Now, if you’re a comics purist, you’ll find plenty to hate in here. Some characters have different positions in the movie universe than they do in the main Marvel universe, or even the Ultimate universe. Characters are quickly transposed into storylines from the comics to the movie, based on where they are in their respective continuity. Wolverine, for example, fills in for Cyclops in parts of the movie. And while lots of the dialogue is merely serviceable, it’s not like I ever went to an X-Men movie or comic expecting recitations of Shakespearian quality — or even Mamet-ian. Wolverine tosses off some good one-liners, and that’s good enough for me.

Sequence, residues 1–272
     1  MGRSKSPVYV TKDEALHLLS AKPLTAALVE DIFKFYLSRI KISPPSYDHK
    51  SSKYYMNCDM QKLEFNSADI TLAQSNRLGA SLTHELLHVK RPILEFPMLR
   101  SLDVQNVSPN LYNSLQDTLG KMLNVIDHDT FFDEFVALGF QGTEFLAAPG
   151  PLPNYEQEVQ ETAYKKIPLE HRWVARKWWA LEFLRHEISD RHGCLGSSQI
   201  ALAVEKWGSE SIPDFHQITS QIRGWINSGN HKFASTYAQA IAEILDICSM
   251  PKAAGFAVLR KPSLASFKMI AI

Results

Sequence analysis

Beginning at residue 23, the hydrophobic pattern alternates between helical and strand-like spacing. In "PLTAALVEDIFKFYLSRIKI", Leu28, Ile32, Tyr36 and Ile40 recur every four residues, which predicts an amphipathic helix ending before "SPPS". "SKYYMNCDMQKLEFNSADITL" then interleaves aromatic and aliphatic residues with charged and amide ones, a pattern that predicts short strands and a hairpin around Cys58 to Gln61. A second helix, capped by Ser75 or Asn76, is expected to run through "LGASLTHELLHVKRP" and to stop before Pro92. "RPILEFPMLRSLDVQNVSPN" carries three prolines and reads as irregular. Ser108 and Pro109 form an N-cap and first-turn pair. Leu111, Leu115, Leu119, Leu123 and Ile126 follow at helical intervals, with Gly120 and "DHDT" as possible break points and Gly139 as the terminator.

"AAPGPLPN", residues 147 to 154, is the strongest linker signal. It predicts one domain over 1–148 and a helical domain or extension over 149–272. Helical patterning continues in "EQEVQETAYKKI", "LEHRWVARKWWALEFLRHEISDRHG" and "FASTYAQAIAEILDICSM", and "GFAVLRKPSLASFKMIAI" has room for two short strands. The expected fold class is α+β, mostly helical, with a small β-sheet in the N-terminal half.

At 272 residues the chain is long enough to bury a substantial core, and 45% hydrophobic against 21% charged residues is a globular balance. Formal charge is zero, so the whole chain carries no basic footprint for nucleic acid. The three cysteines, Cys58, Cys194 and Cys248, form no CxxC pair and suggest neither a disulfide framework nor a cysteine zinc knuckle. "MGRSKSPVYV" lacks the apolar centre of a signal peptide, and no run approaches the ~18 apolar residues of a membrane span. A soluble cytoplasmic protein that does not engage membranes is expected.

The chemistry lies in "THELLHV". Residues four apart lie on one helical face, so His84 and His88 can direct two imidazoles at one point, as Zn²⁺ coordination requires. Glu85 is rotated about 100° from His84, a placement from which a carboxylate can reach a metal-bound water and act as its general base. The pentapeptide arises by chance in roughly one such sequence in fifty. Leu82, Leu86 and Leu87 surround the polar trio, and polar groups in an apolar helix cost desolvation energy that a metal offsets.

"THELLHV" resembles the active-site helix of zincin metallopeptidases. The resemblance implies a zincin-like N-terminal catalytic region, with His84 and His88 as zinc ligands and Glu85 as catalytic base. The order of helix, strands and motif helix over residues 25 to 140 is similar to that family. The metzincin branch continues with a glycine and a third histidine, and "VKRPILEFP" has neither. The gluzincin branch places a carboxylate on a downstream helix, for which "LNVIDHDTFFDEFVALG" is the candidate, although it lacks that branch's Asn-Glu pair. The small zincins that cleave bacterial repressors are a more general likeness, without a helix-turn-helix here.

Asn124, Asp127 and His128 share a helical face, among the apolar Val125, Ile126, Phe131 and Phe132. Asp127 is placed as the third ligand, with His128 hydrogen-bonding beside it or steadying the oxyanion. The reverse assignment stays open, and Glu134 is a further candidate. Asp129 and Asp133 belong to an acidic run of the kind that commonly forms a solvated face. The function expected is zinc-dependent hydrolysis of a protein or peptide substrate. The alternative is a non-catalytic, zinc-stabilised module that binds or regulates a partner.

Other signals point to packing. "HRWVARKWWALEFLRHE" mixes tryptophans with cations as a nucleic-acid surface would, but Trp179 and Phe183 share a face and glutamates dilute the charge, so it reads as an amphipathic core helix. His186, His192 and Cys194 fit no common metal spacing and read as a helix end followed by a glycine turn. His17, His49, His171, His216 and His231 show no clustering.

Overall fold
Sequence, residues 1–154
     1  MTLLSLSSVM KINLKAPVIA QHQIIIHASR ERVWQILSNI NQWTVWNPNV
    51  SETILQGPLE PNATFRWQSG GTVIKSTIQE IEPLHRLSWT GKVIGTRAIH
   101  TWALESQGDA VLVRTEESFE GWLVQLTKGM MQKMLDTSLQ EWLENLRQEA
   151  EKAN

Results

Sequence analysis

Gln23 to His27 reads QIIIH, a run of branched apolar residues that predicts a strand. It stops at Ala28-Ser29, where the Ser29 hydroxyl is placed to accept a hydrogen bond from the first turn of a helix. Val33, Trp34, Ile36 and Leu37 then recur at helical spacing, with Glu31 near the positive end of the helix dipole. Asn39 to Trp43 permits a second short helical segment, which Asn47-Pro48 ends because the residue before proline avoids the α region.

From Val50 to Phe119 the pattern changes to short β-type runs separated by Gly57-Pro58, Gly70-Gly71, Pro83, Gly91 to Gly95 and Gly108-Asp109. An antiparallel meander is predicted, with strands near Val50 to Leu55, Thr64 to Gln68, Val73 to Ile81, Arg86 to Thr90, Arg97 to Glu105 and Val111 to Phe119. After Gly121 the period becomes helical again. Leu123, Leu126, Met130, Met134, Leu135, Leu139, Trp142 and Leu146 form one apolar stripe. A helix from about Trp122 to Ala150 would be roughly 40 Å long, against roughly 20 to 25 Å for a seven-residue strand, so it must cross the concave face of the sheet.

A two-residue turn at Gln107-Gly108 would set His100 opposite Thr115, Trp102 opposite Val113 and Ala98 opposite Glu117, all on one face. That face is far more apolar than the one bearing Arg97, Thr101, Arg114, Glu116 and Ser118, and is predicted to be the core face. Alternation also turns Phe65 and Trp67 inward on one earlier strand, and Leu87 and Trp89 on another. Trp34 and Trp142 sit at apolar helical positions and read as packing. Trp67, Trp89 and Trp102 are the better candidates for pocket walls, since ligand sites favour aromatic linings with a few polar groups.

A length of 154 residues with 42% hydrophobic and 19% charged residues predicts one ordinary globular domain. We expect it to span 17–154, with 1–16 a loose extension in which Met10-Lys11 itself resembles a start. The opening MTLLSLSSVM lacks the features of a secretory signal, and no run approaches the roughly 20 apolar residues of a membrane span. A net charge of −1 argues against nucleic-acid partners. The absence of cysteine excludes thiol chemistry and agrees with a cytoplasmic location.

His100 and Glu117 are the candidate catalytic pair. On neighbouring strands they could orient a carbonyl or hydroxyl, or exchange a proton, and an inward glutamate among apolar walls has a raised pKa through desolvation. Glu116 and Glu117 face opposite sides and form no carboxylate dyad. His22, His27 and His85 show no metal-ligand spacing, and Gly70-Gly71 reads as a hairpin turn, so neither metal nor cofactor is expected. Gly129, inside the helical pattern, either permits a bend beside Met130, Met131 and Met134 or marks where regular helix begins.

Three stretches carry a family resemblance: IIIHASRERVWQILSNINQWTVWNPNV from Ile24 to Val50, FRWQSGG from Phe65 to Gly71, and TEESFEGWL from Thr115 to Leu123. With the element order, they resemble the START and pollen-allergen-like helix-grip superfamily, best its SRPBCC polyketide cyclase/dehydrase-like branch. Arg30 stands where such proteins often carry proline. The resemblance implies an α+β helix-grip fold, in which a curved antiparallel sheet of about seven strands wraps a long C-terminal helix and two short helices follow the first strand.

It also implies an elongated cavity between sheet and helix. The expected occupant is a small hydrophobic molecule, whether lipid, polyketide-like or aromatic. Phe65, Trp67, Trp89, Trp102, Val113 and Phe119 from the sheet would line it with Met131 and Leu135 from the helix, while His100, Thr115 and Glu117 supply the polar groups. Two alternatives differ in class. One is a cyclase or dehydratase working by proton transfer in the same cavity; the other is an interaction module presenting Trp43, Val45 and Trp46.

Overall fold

If you haven’t seen the movie yet, please go do so. If you want to skip spoilers, then don’t read the rest of this column. I chose to stick this into the column last this week with just that in mind. I won’t even ask you to scroll past it. Just click your back button or move on to the next comics blog you have in your bookmarks. I understand. Come back here after you’ve seen the movie. Given the huge box office the movie had in its opening weekend ($104 million!), I doubt that’ll shut out too many of you.
I’m not going to go over each and every point of the movie. That would be silly. But there are some things that made me smile as the movie went along. This movie resonated for me in much the same way as the first two did — as collections of moments scraped together from the comic book for the big screen. At least Chris Claremont got his three seconds of screen time on this go-around. It’s the very least he deserves for all the “inspiration” his writing on the mutants has been for the screen writers of these three movies.